Wednesday, May 4, 2011

Day 50 - which version, which modules ? Or ngx-build.

Today, I figured I would give a guy on the mailing list a hand. Poor guy asked the question a couple of times and got no answer. Of course, I don't know the answer but I figured I could learn a few things trying to help. So, I started creating a support directory in my nginx directory and another sub-directory for his case (map-proxy). Yes, that's the way I am: I like it when my room is in order. Now, I figured I would use Test::Nginx to setup something quickly. So, I started wondering: which version of nginx (I have at least three in my nginx directory)? Which modules? I need to completely set an environment for it. But I'm not going to download the full source just for that... Not having an easy way to setup a test environment for a specific nginx configuration has been a rock in my shoe (or something else somewhere else) for quite some time now and I decided to fix it, at last...

This looks again like I'm going to get side-tracked and get something else done than what was originally planned. And I'll drag you along... ;) That's what adventure trips are for, aren't they?

So, I'm sick of having to figure out what is the right version of nginx for the task at hand and where I put this in my directories. That's where my dream started: a perfect world where I could order a nginx 0.8.54 with just the echo module. Or even better, the module I'm working on.

Here is the usage I would like to have:

Usage: ngx-build [main-source] [module-source]
  main-source      Can be a VERSION or a DIRECTORY.
                   Look for main nginx source in DIRECTORY.
                   Look for main nginx source in a directory
                   named nginx-VERSION in $HOME, $HOME/nginx
                   and $NGX_ROOT (if set).
  module-source    DIRECTORY or PATTERN. Use DIRECTORY to indicate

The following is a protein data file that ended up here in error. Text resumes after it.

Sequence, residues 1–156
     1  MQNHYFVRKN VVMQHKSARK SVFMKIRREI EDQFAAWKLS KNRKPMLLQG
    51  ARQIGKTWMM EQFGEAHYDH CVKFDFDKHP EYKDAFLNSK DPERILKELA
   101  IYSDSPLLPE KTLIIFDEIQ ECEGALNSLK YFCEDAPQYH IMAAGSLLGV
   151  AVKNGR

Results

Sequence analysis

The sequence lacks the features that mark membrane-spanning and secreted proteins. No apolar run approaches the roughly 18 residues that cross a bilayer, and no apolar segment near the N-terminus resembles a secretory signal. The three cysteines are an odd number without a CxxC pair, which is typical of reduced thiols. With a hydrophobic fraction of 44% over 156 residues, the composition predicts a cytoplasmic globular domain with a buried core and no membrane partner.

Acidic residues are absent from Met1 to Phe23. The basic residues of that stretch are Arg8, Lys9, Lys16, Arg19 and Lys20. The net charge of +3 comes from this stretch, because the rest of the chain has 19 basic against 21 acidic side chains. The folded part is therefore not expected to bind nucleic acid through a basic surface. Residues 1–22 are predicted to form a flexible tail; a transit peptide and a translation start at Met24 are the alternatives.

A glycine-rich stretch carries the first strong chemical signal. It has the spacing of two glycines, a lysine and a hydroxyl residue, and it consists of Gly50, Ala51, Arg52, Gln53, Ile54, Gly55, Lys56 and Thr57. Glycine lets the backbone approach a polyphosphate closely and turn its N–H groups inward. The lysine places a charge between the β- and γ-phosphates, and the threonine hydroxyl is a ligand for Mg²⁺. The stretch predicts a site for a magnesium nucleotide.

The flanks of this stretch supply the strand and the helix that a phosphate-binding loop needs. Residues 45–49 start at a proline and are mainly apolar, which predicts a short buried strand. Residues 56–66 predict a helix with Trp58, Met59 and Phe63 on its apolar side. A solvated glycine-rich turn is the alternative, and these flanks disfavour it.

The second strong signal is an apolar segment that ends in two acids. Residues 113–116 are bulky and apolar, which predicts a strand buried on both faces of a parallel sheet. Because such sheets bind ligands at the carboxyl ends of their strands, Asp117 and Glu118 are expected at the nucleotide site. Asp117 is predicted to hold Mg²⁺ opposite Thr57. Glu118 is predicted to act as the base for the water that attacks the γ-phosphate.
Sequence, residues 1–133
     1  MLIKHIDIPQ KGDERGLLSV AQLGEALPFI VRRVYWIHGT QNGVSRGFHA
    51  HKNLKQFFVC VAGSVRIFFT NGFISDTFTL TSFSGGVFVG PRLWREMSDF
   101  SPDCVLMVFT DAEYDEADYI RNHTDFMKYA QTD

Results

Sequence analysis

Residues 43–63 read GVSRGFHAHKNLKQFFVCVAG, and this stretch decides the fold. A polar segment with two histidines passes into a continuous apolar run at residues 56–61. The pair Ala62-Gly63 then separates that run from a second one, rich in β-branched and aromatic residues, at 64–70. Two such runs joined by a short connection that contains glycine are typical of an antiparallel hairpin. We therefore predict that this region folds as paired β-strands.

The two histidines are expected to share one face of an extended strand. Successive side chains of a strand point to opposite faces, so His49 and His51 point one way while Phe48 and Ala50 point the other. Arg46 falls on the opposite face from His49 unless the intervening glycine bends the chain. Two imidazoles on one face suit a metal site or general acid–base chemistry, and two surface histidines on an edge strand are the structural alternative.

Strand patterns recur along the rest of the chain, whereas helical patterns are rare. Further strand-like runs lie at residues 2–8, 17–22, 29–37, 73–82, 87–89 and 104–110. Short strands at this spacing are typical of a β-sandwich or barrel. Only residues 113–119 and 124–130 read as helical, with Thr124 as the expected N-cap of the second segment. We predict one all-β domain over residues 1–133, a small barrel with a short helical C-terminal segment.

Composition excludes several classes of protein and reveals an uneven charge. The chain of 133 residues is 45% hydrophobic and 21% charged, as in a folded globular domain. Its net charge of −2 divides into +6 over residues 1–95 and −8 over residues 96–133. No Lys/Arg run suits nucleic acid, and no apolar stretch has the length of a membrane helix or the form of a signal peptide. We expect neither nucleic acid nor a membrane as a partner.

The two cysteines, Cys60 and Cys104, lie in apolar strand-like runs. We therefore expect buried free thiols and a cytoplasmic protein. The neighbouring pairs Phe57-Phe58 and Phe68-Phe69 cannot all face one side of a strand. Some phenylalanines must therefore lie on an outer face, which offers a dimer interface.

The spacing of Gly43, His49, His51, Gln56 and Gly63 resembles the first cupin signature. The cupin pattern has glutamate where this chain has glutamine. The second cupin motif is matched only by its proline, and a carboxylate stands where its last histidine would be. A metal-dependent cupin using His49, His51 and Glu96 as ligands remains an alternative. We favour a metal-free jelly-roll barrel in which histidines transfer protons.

a module directory (has a config file). Append
                   * before and after PATTERN and look 
                   for module directories in $HOME,
                   $HOME/nginx and $NGX_ROOT (if set) that match
                   the resulting pattern.

Example: ngx-build 0.8.54 echo

Invoking this should configure with the appropriate options, make the executable and last but not least copy it in the current folder.

That gave me something like this ngx-build script (feel free to use/patch/do whatever you like):

function test_ngx_path() {
  if test -z "$my_ngx_path" -a -d "$1" -a -f "$1/src/core/nginx.c"; then

test_ngx_path "$1";
if test "$NGX_ROOT"; then
  test_ngx_path "$NGX_ROOT/nginx-$1";
test_ngx_path "$HOME/nginx-$1";
test_ngx_path "$HOME/nginx/nginx-$1";

function test_module_path() {
  if test -z "$my_module_arg" -a -f "$1/config"; then

test_module_path "$2";
if test "$NGX_ROOT"; then
  test_module_path "$NGX_ROOT"/*"$2"*;
test_module_path "$HOME"/nginx/*"$2"*;

cd "$my_ngx_path"
if test -z "$my_module_arg"; then
  ./configure --with-debug
  ./configure "$my_module_arg" --with-debug

make -C $my_ngx_path
cp $my_ngx_path/objs/nginx $launch_path

Besides the usual problems you get when trying to write shell scripts (how many escapes, what is the right syntax for testing something, etc.), there is one particular thing you should know about the configure script of nginx: it MUST be run in the folder where it is. Yes, most people follow the usual mantra: "configure && make && make install" or another slightly different version. But sometimes you would like to do it differently. Well, you are more likely to run into problems on less-travelled roads. Or do you? At least with software, this is the way (also known as: if it's not tested, it's not going to work).

And I have at least two uses for this script:

% ngx-build 0.8.54 echo
% ngx-build 0.9.5 `pwd`

Would be better if the second invocation could use . for the current directory but that does not seem to work out of the box and I don't care to spend the extra time on it for now. If anybody does or want to add some extra feature, just let me know.

Oh, in the meantime someone else answered the question. Next time, may be I won't be side-tracked...

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